When I heard they were making a movie about Facebook, I expected it to be a straight documentary.Happily, it wasn’t.That being said, I had pretty high expectations.“The Social Network,” was written by television powerhouse Aaron Sorkin (“The West Wing” and “Studio 60”), directed by David Fischer (Fight Club, Seven and Benjamin Button) and starred both Justin Timberlake and Jesse Eisenberg, who is like Michael Cera, but more versatile.I expected nothing less than pure, unadulterated genius.
Instead, I received a good, entertaining movie.Maybe it’s my fault.Maybe I expected too much from a movie about a social networking site.To be fair, the acting was very good and the writing was excellent.The movie lags a bit in the beginning–the first 10 minutes are literally two characters sitting in a bar, talking–but once Zuckerberg hits his stride, the film does the same.
But don’t enter the movie theater expecting to like Mark Zuckerberg.Sympathize with him, maybe.Dislike him, probably.In my opinion there was only one likeable character in the entire film, and he was the one who was suing his best friend.“The Social Network” is witty, but not laugh-out-loud hysterical, so if you’re looking for a big laugh, don’t look here.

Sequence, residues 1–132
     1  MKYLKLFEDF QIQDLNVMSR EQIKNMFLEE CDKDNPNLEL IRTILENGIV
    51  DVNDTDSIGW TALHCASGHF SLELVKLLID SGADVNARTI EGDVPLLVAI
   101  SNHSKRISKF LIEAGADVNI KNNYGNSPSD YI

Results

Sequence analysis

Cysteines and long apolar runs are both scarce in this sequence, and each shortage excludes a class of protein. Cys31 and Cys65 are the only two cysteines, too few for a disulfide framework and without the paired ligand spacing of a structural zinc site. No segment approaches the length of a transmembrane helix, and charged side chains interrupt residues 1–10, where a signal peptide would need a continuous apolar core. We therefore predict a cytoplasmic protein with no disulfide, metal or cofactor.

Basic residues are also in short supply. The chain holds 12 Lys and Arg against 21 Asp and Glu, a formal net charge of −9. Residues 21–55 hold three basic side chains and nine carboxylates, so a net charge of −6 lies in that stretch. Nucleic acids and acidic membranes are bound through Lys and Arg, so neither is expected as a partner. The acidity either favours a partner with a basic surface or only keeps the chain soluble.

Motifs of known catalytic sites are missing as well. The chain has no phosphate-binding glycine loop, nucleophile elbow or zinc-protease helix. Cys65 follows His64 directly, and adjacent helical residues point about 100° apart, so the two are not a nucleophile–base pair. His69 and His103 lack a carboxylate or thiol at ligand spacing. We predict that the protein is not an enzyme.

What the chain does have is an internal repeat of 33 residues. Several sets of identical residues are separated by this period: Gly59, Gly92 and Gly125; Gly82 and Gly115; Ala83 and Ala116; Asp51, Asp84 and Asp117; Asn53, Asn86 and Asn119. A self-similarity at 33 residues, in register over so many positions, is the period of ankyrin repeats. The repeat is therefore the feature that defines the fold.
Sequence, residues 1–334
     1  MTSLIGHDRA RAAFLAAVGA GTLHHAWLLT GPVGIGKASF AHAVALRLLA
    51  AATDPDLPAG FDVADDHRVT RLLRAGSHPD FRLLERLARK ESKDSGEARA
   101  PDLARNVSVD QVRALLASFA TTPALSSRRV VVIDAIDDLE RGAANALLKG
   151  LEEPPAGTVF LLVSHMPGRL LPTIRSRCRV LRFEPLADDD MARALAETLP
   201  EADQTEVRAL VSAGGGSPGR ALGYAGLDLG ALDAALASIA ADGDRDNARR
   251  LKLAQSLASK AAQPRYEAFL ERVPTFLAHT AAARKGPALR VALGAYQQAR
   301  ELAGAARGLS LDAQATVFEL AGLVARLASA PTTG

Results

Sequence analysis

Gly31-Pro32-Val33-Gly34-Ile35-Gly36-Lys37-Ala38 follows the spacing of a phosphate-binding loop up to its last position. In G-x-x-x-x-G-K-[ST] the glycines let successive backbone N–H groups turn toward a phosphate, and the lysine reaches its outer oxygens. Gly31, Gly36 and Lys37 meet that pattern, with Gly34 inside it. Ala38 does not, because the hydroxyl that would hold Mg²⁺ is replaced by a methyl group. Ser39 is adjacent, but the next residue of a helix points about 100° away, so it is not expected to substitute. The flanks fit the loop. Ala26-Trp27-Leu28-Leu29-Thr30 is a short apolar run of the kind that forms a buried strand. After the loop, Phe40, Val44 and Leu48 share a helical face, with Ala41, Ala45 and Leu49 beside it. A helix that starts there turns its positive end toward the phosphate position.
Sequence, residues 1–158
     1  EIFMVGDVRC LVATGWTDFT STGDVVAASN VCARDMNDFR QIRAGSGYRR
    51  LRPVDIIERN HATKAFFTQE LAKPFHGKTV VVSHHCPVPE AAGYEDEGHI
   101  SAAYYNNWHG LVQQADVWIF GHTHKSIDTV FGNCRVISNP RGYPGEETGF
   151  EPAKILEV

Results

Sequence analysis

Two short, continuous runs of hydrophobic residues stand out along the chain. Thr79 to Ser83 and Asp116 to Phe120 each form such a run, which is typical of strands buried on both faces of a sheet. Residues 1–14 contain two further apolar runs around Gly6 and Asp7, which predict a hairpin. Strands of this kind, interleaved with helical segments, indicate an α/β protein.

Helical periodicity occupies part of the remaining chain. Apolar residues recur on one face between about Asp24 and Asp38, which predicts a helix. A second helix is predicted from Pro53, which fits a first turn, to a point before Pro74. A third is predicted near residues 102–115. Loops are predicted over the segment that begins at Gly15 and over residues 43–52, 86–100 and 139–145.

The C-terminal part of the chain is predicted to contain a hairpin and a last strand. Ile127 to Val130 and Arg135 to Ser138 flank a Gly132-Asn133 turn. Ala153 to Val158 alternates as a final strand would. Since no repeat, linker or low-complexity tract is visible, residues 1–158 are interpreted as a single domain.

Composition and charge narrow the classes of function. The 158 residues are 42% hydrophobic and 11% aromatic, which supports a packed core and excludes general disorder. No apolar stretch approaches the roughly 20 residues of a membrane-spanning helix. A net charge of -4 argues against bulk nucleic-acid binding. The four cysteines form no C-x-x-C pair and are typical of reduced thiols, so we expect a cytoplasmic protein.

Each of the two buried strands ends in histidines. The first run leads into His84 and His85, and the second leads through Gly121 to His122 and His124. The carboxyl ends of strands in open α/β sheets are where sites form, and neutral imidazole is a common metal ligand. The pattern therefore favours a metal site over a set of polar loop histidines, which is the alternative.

My favorite part of The Social Network was the writing.It’s classic Aaron Sorkin, which should excite fans of “The West Wing.”Get ready for some mile-a-minute conversations, because Jesse Eisenberg speaks FAST.The premise was simple and Zuckerberg’s motivation was elegantly expressed.
Should you pay 12 bucks to see this movie?It’s not a bad investment.It’s an entertaining and engaging film, but there’s nothing in the film that absolutely needs to be seen on a big screen.If you’re hesitant about paying for a movie theater ticket, then wait until it’s out on DVD and get it from Netflix.The story translates just as well on your little TV screen as it does in the theater.
Needless to say, The Social Network is a good movie for college students.Our lives basically revolve around Facebook, so it’s only natural that we’d want to see a movie about it.At its heart, this film is a commentary on the identity of our generation, and I think it communicates this wonderfully.